I couldn’t help rubbing my eyes in disbelief at the joyful celebrations which greeted former premier Ehud Olmert’s acquittal in two corruption cases and the simultaneous belittling of his conviction on a third – what his cheerleaders portrayed as the “minor” matter of breach of trust.
I couldn’t help wondering whether the same reactions could have been remotely conceivable had the defendant been named Binyamin Netanyahu.
I vividly recalled when the “breach of trust” innuendo was hurled accusingly at Netanyahu, not after a courtroom verdict but after the prosecution admitted it had no case to at all take to trial. That in no way prevented a raging tempest from ominously swirling around Netanyahu.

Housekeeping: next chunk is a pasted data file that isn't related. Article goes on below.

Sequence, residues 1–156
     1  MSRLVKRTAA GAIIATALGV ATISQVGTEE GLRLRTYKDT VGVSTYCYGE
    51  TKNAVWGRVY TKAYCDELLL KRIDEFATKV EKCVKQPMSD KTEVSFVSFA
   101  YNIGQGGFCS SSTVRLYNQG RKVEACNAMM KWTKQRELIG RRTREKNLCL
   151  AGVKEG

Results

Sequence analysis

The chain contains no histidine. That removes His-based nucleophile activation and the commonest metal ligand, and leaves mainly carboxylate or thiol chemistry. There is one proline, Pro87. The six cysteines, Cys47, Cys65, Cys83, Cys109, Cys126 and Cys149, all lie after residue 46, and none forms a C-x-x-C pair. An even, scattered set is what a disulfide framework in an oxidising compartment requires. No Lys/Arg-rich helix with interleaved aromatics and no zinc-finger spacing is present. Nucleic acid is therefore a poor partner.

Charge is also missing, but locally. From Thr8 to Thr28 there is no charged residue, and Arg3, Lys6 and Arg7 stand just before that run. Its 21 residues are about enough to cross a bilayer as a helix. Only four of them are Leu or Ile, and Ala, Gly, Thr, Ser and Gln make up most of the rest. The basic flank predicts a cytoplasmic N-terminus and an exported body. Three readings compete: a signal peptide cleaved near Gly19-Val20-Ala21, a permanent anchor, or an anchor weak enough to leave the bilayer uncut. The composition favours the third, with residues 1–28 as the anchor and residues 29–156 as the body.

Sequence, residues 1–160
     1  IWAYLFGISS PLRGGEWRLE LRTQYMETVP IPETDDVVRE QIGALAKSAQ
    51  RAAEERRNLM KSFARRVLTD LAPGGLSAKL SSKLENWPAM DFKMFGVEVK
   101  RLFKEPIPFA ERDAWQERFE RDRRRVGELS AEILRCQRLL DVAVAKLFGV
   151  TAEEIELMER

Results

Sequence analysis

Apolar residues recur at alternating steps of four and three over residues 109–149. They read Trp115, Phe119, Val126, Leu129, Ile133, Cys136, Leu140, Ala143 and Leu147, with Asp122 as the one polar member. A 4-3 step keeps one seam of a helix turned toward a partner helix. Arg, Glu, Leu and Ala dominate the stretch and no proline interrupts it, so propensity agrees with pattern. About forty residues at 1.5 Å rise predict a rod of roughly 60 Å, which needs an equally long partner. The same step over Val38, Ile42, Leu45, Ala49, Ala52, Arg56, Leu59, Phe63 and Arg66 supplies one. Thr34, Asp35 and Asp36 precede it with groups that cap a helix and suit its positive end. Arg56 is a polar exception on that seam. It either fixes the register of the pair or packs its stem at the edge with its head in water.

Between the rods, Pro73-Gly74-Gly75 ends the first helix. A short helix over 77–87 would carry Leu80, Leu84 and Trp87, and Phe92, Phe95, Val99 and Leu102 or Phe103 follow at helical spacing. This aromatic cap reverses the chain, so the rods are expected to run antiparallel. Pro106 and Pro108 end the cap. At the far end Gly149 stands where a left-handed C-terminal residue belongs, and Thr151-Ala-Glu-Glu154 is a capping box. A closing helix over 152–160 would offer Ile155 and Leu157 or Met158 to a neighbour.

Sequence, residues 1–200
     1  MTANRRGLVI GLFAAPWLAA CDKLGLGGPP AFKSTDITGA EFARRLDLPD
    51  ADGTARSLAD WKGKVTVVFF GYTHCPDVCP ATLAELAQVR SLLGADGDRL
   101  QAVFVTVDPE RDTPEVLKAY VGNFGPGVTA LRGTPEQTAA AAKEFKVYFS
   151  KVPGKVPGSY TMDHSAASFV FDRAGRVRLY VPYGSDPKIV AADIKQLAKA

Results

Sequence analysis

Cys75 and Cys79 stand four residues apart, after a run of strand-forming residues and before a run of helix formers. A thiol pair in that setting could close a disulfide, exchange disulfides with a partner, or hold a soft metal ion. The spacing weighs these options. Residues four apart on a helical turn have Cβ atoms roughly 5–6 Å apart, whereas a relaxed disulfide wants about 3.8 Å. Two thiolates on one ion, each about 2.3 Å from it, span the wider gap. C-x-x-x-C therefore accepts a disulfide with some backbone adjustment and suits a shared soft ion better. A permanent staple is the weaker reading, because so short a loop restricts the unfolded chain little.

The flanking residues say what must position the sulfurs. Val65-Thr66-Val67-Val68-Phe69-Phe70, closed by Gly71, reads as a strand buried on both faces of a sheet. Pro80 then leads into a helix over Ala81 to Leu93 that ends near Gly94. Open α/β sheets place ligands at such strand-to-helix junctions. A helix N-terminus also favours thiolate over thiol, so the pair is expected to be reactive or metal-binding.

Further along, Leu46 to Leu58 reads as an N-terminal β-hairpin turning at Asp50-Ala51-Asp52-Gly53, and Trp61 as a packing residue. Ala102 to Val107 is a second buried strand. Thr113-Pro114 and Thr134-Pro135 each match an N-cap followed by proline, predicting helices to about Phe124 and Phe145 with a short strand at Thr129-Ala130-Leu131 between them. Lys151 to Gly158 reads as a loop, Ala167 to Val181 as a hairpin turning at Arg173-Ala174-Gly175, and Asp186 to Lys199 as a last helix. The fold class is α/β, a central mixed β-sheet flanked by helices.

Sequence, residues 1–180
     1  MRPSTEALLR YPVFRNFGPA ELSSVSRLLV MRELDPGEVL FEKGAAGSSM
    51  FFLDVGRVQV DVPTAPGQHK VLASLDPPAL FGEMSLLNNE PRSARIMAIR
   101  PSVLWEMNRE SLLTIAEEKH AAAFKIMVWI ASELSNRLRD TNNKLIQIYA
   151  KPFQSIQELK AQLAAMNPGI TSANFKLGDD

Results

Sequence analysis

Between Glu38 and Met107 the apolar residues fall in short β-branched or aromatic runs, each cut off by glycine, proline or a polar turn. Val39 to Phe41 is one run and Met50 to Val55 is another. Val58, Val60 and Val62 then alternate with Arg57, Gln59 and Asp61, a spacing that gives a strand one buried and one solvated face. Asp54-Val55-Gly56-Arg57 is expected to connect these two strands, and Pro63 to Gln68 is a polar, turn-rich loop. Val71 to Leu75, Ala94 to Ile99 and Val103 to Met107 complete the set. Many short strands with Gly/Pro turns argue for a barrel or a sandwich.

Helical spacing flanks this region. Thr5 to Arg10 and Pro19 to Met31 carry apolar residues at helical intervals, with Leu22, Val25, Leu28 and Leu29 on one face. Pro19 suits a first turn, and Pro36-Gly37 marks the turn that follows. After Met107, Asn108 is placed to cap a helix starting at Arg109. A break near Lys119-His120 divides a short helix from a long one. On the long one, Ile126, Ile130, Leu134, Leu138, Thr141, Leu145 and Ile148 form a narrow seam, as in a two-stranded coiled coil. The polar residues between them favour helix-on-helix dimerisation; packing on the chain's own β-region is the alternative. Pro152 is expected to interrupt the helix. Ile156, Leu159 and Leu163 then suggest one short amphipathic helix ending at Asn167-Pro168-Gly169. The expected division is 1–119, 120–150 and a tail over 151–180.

In diametrical discrepancy to the Olmert phenomenon, there were no orchestrated (or other) compunctions about attempts to bring down a serving prime minister at the outset of his term. Nobody dared suggest adoption of the French law which shields PMs in office from investigation and prosecution. In fact, keeping Netanyahu from his weighty duties was deemed a laudable objective.
If anything, the prevailing bon ton dictated that it was a darn shame Bibi wasn’t hauled off to court, summarily tried, convicted and ignominiously booted out. To hear trendsetters, that was what he deserved because the prosecutors, who estimated that they didn’t have the goods on him, nevertheless rebuked him for supposed intentions which they admitted they couldn’t prove. That alone sufficed to pillory Netanyahu.
And woe to anyone who dared not toe the line. Continue reading